Sister inspires special science project
A Whangarei teenager is calling for medical marijuana to be trialled in New Zealand after a science project showed it would benefit her sister, who suffers from severe epilepsy.
And she has the backing of the New Zealand Drug Foundation, which is calling on the Government to help families dealing with children who suffer severe seizures to access a particular strain of the plant.
The Government has not discounted the idea, but says it is up the manufacturers of medical marijuana products to apply for government approval.
For her science fair research project this year, Whangarei Girls' High student Claudia Cooke researched the effects of Charlotte's Web, a strain of medical marijuana that is high in cannabidiol (CBD) content but low in tetrahydrocannabinol (THC).
"[It's] a form that users cannot get high from," 15-year-old Claudia told the Northern Advocate. "It has been proven by extensive studies in the United States that it can help with epilepsy."
Claudia's 23-year-old sister, Kristal, has "intractable" seizures - which means they are not fully controlled with medication - as a result of Lissencephaly Syndrome. The seizures range from small ones daily to larger ones weekly, and have been so violent Kristal has knocked her front teeth out, and broken her nose and cheekbones on occasions.
Claudia first heard about medical marijuana from family friends, Northlanders Jessika and Brendon Guest, before they flew to the United States last year so they could access the strain to help their 6-year-old daughter, Jade, who also has severe epilepsy.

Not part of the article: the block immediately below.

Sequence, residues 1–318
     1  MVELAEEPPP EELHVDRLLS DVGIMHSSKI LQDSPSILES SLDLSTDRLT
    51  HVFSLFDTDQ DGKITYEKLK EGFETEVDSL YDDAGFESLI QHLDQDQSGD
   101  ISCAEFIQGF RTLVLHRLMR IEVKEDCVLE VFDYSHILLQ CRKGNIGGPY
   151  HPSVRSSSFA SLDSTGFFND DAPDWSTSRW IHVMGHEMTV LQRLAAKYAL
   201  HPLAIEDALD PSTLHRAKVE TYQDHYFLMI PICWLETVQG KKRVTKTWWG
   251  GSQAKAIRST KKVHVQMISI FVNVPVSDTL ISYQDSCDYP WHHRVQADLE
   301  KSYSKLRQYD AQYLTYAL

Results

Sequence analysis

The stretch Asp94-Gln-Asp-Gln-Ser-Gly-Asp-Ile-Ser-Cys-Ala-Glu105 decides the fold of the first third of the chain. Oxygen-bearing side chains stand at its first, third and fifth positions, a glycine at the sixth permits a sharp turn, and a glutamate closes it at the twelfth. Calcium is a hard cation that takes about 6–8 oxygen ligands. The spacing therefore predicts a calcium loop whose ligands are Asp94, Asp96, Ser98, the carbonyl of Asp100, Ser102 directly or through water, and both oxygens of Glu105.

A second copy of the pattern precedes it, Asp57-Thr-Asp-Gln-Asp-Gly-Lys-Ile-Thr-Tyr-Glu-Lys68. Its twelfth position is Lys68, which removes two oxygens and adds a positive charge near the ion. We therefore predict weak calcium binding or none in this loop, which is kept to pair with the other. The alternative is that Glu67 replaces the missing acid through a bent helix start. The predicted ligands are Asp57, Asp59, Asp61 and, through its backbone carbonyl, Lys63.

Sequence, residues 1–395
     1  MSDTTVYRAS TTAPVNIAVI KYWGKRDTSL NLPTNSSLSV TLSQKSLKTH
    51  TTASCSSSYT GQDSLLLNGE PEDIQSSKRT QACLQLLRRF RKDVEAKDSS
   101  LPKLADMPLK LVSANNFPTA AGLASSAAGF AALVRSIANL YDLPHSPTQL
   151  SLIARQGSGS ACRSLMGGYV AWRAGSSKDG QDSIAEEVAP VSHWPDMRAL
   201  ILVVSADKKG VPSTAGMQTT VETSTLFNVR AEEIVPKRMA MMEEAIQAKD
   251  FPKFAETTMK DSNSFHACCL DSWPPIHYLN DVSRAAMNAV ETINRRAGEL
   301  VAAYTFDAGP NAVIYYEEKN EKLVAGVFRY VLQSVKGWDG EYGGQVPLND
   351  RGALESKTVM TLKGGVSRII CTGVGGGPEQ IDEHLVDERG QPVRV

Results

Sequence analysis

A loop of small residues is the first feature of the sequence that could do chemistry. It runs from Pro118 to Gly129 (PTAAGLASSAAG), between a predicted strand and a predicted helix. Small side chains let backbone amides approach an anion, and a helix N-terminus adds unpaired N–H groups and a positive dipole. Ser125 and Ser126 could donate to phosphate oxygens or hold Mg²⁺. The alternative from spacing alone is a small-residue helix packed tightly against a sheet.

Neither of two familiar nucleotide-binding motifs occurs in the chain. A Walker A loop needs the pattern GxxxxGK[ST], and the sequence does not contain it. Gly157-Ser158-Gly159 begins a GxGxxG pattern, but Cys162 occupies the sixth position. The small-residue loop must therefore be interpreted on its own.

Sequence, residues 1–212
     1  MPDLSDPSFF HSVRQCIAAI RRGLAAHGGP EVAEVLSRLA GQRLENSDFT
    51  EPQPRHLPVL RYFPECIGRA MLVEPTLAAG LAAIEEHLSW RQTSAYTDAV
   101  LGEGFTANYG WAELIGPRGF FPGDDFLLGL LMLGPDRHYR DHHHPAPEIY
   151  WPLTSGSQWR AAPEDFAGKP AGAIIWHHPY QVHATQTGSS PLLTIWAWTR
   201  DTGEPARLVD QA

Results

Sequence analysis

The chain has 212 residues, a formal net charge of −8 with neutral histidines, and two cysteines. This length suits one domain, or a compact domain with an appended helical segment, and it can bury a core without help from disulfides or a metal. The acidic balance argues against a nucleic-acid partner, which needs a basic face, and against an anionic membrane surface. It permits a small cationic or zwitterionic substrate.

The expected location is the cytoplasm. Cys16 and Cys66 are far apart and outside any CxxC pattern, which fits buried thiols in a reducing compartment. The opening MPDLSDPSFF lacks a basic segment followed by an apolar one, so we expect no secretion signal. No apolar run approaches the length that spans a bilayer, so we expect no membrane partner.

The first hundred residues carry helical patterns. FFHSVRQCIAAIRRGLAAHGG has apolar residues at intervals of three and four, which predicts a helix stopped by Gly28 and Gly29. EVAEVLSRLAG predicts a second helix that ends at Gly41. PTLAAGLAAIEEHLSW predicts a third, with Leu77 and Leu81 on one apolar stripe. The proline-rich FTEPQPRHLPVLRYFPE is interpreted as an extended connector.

For her project in the Central Northland Science Fair this week, Claudia researched the science behind how cannabidiol, an active ingredient in cannabis, prevented seizures, as well as social and economic benefits of legalisation in places such as Colorado.
Her conclusion is that Charlotte's Web, a medical marijuana product that does not have the high-inducing properties of cannabis, should be trialled in New Zealand.
"If it's going to be able to help people with epilepsy when anti-seizure medication can't, then they should trial it, and trial it long enough so we know the long-term effects," Claudia said.
New Zealand Drug Foundation executive officer Ross Bell applauded Claudia for her work and supported her findings.
"I think it's fantastic a 15-year-old has, because of the illness in their family, hunted down the information," Mr Bell said.
"[She has obviously] got an open mind, has looked widely, and cares about [her] sister. The science is getting pretty clear, with quite surprising results."
The strain had been remarkable, particularly in helping children suffering from Dravet Syndrome (intractable childhood epilepsy), he said.
A spokesman for Associate Health Minister Peter Dunne did not discount the idea of trialling the product.
"It's up to the manufacturer to seek government approval for a particular product," the spokesman said.
"Where there is a therapeutic and health benefit, the Government will consider it.
"Outside of that - no."
One cannabis-derived product, Sativex, was already on the market, the spokesman said. However, Sativex was only approved for use as a treatment for patients with moderate to severe spasticity due to multiple sclerosis. Claudia gained the Golden Bay Cement Best Year 11-13 Research Award - Highly Commended in the Central Northland Science Fair this week. For winners, turn to page 3.